What themes are illuminated by the characters?
While out walking, Browning made the comment to Hiram Corson, after the latter had published an introductory study of Browning's poetry, stating that what he had in mind when he wrote "gave orders" in "My Last Duchess" was the orders were for her murder [as an afterthought he also added an alternative for her to be "shut up in a convent"]. The Duke illustrates that one of Browning's themes in writing this dramatic monologue is that of Insolence. It is the tyrannical Duke's insolence that allows him to think that a viable solution to personal dissatisfaction with the whims of a young bride is murder. Insolence can be understood as haughty, arrogant, disdainful, contemptuous disrespect of personhood. Murder is the ultimate manifestation of disrespect of personhood.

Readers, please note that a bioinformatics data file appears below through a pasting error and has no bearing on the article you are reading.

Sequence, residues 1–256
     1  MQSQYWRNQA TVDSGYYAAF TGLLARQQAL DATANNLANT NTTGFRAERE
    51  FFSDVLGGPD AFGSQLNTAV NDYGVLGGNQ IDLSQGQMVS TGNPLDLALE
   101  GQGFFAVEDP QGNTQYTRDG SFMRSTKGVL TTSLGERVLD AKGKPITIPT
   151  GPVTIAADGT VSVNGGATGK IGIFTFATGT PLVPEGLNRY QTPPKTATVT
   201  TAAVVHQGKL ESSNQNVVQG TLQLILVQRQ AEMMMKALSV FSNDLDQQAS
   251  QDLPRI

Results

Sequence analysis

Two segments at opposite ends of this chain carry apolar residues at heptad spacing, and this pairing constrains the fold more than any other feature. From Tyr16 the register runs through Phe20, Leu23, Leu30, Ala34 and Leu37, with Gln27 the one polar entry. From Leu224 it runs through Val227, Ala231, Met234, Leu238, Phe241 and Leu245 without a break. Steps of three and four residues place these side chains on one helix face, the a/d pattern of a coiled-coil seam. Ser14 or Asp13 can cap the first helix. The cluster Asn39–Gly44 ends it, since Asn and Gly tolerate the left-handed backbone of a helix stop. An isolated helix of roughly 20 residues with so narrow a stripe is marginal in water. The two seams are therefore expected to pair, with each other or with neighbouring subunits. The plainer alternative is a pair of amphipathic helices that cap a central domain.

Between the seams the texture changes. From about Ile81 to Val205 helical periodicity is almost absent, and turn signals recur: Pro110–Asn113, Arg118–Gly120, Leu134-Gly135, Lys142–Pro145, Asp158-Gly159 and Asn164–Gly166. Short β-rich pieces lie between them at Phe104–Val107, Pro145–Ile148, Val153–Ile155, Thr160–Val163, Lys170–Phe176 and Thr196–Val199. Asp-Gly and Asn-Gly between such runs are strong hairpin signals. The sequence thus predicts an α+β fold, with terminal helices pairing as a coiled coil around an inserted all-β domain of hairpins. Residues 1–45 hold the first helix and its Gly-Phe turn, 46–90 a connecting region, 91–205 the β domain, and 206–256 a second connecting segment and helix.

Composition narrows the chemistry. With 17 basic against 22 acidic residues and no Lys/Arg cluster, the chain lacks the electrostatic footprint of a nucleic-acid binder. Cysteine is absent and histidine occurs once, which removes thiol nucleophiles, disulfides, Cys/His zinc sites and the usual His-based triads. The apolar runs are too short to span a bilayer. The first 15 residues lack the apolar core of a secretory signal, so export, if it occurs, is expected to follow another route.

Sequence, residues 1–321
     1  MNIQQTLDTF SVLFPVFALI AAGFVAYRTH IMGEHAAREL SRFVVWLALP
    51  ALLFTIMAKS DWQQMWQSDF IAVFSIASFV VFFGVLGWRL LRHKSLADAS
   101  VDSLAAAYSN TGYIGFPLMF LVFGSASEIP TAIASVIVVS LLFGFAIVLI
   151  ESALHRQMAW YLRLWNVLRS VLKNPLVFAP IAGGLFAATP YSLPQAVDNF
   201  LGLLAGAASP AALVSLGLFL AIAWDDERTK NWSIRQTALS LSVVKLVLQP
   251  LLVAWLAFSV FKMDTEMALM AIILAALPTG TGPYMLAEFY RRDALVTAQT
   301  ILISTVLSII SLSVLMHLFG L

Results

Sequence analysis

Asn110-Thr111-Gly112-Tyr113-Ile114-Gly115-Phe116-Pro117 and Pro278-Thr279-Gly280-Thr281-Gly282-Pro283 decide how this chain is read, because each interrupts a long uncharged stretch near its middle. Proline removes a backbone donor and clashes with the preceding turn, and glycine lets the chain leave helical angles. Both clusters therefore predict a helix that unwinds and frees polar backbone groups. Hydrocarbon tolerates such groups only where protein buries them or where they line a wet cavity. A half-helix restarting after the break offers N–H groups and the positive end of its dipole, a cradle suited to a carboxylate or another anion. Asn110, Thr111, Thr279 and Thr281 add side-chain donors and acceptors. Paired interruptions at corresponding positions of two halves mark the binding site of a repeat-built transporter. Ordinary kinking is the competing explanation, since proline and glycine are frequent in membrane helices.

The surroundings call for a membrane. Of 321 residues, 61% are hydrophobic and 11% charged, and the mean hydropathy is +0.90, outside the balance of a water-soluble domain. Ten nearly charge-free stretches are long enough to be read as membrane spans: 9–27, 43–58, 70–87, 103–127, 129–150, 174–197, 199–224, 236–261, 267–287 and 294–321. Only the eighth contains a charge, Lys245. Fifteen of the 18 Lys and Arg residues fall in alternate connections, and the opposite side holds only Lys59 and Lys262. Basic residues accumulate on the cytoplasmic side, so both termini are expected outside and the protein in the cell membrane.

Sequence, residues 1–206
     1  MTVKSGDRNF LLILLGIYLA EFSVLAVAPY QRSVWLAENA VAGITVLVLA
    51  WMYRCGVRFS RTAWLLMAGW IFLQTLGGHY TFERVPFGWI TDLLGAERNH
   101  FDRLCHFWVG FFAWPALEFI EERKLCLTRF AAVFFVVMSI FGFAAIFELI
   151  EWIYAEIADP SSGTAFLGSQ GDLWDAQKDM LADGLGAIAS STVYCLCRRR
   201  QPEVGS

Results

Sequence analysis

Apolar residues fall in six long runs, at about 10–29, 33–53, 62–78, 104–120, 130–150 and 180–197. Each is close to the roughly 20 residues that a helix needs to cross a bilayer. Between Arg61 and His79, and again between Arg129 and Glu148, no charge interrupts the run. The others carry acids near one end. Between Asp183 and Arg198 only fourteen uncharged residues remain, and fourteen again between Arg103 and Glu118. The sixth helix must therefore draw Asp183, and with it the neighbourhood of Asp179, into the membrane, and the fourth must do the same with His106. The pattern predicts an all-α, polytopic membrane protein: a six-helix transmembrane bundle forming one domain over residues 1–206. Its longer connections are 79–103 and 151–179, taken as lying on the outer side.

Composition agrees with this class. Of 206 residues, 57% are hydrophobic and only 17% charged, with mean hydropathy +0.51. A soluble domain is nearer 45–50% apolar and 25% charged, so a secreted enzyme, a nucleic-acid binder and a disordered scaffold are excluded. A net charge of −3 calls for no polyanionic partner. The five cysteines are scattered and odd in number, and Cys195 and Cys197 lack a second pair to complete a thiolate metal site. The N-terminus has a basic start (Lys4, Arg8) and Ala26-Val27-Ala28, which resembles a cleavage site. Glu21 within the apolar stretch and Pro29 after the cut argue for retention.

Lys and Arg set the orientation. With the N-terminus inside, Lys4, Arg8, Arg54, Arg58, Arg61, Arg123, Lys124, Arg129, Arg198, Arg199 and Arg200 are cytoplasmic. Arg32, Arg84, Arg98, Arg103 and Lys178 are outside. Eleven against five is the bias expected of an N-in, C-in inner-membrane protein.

Browning drew the inspiration for his poem from the Renaissance account of the Italian Duke Alfonso II d'Este of the Duchy of Ferrara, attested to by the one word epigram at the head of the poem: "Ferrara." In 1558 the 25-year-old Alfonso married the 14-year-old Lucrezia, the poorly educated young daughter the Midici family, then nouveau riche in comparison to the d'Estes of Ferrara. A poorly educated, fourteen year old bride unused to ancient tradition and manners of behavior would--upon suddenly finding herself the object of attention, esteem, wealth, and authority--be very likely to display giddy, light-hearted and universally delighted deportment.
Since the Ferrara marriage tale inspired Browning's poem--including the similar mysterious deaths of Lucrezia and the first duchess--it is logical to conclude that this is the true description of the Duke's bride whose blush of delight was awakened by trivialities as readily as by his passions. Through the character of the painted last Duchess, Browning presents the theme of Young Marriage, a practice popular in early epochs but fallen out of practice before the Victorian period, yet still envisioned in the wishful romanticality of the morally strict era.